Most young couples experience unbridled joy when they learn they are about to become parents for the first time.
Mark and Ivy Rhymes felt that joy back in June 2002, when, after four years of marriage, they learned they would be the parents of twin girls, Maya and Marley. However, their exuberance was tempered because that same day they also learned that Mark would require a second heart transplant.
“That was the best day and the worst day,” Ivy recalled. “He was in for his annual exam, routine testing, and they found out that his heart was not working as it should.”
One month later, Mark, a Southwest Philadelphia native who had his first hearth transplant in 1992, underwent a second heart transplant. The twins were born six months later, and Mark lived for five more years before he died in July 2008, leaving Ivy to raise their daughters on her own.
As a means of coping with her grief, Rhymes, now 47 and living in Coatesville, began running in 2012. She started with a 5K, and eventually worked her way up to a marathon in 2014.
This Sunday, Rhymes will be one of an expected 10,000 participants in the 24th annual Donor Dash sponsored by Gift of Life Donor Program. There are three different races — a 5K and 10K runs and a 3K walk — beginning at 7:10 a.m. Sunday from the steps of the Philadelphia Museum of Art.
While it is not a popular subject, organ donations and transplants play a huge role in the African-American community, according to Gift of Life Donor Program Vice President of Clinical Services Richard Hasz. Gift of Life Donor Program is a Philadelphia-based nonprofit that facilitates organ and tissue donations.
“This is extremely important in the African-American community,” Hasz said. “People should look at this as an opportunity to help their community and neighbors. It’s so important that you sign up to be an organ donor.”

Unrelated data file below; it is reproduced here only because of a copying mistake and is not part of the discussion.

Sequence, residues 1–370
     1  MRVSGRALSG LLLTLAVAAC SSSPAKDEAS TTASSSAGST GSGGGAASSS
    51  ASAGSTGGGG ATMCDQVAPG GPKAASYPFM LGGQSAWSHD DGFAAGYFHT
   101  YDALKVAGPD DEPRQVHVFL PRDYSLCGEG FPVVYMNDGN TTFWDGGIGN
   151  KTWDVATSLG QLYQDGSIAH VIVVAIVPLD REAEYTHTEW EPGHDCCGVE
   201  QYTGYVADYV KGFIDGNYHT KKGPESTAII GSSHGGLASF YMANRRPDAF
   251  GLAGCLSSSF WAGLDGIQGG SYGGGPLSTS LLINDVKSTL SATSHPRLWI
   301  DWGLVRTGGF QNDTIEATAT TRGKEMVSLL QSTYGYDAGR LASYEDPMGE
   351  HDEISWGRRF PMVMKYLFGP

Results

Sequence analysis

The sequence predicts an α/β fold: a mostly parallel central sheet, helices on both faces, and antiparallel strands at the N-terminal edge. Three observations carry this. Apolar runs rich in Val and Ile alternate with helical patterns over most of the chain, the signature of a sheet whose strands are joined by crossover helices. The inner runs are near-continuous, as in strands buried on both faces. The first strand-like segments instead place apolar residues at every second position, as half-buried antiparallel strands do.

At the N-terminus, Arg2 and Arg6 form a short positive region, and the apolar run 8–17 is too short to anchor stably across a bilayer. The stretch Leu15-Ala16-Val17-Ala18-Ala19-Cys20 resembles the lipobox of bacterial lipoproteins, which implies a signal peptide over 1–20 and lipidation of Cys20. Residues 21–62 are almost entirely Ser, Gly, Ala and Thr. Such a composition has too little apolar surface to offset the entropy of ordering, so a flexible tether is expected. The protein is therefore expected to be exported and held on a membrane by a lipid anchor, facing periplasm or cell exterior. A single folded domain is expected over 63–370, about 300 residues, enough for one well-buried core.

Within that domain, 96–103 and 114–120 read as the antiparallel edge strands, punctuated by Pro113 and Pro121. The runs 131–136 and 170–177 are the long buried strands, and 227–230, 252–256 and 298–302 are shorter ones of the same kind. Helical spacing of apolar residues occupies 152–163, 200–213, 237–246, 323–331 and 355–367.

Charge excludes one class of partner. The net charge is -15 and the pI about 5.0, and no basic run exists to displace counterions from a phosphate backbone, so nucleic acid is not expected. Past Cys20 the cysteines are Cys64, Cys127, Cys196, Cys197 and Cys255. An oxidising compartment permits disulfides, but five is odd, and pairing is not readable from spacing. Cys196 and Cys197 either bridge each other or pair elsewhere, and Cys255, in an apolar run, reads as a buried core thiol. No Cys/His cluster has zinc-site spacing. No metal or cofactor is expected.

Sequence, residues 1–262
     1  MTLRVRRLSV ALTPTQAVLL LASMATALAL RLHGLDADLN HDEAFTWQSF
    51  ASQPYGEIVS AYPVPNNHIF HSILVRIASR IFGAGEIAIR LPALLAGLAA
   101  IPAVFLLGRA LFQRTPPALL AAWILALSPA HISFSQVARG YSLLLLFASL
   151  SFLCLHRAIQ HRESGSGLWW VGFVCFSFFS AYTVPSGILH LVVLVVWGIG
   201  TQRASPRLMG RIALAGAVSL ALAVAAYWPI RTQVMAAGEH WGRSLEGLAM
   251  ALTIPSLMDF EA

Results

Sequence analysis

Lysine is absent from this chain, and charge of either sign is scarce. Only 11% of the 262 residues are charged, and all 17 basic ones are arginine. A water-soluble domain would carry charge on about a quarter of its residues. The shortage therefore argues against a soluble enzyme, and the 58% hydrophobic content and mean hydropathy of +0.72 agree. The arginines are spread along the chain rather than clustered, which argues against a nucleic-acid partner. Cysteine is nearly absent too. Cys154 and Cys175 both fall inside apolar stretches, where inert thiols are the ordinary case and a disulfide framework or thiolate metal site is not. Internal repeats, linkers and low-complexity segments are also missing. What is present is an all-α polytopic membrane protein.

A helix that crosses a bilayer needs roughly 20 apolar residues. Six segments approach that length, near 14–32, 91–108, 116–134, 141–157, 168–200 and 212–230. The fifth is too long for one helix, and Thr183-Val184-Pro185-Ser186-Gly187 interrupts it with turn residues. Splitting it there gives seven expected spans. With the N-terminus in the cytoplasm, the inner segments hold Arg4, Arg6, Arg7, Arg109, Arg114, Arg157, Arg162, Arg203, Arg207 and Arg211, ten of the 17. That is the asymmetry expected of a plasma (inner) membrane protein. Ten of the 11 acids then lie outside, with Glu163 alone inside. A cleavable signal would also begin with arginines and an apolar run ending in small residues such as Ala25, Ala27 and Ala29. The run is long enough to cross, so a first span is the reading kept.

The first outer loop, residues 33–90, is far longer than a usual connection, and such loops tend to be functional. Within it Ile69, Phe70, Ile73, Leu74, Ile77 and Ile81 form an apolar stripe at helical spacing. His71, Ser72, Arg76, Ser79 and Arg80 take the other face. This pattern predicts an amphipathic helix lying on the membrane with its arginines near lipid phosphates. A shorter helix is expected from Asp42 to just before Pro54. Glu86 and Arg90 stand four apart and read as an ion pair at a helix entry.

Due to high incidences of hypertension and diabetes, African Americans are disproportionately represented on the waiting list for organs, both nationally and locally.
Gift of Life’s eastern region, which includes eastern Pennsylvania, southern New Jersey and Delaware, has 11.1 million residents. African Americans make up approximately 13 percent of region’s population. However, they make up 43 percent of those waiting for a kidney transplant (1,873 of 4,359) and 39 percent of those awaiting a heart transplant (34 of 98).
This marks the sixth time Ivy has participated in the Donor Dash. Both of her husband’s transplants were facilitated by Gift of Life.
After Mark died, Ivy donated both of his corneas, hoping that they might help someone in need of help seeing.
“I wanted to help someone just like someone helped us. And he (Mark) would have wanted that,” Ivy said. “The heart transplants allowed him to see the birth of our twin daughters. So it is only fitting that we donated to help someone — to give back what we were given.